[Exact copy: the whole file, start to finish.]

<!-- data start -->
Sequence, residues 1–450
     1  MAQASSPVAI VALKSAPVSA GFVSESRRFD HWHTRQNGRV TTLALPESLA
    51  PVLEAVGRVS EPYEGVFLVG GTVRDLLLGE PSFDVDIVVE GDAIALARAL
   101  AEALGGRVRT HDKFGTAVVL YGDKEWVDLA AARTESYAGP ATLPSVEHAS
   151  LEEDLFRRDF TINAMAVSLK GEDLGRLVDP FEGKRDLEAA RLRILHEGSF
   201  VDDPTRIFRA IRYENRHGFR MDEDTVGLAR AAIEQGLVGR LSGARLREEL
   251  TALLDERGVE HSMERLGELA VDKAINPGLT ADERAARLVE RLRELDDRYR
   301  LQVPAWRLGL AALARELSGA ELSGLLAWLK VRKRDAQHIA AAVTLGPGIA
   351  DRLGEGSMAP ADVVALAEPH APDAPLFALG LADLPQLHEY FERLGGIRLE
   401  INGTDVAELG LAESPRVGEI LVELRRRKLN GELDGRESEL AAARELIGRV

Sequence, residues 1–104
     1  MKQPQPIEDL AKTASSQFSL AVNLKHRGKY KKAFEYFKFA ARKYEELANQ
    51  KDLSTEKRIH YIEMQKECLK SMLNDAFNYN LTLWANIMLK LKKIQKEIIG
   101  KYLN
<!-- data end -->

Sequence, residues 1–450
     1  MAQASSPVAI VALKSAPVSA GFVSESRRFD HWHTRQNGRV TTLALPESLA
    51  PVLEAVGRVS EPYEGVFLVG GTVRDLLLGE PSFDVDIVVE GDAIALARAL
   101  AEALGGRVRT HDKFGTAVVL YGDKEWVDLA AARTESYAGP ATLPSVEHAS
   151  LEEDLFRRDF TINAMAVSLK GEDLGRLVDP FEGKRDLEAA RLRILHEGSF
   201  VDDPTRIFRA IRYENRHGFR MDEDTVGLAR AAIEQGLVGR LSGARLREEL
   251  TALLDERGVE HSMERLGELA VDKAINPGLT ADERAARLVE RLRELDDRYR
   301  LQVPAWRLGL AALARELSGA ELSGLLAWLK VRKRDAQHIA AAVTLGPGIA
   351  DRLGEGSMAP ADVVALAEPH APDAPLFALG LADLPQLHEY FERLGGIRLE
   401  INGTDVAELG LAESPRVGEI LVELRRRKLN GELDGRESEL AAARELIGRV

Sequence, residues 1–104
     1  MKQPQPIEDL AKTASSQFSL AVNLKHRGKY KKAFEYFKFA ARKYEELANQ
    51  KDLSTEKRIH YIEMQKECLK SMLNDAFNYN LTLWANIMLK LKKIQKEIIG
   101  KYLN